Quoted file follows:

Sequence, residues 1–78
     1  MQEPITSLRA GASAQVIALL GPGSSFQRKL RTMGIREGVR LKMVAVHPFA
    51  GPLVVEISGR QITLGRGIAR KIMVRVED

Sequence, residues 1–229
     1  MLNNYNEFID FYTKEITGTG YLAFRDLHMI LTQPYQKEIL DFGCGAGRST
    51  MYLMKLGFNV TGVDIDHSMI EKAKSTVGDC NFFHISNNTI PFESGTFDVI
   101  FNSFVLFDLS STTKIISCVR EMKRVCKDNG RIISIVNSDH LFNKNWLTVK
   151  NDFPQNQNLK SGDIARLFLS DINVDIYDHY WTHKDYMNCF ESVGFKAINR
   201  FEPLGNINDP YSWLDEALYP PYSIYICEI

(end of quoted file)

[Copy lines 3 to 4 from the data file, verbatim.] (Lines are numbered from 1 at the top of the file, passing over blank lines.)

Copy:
    51  GPLVVEISGR QITLGRGIAR KIMVRVED

Sequence, residues 1–229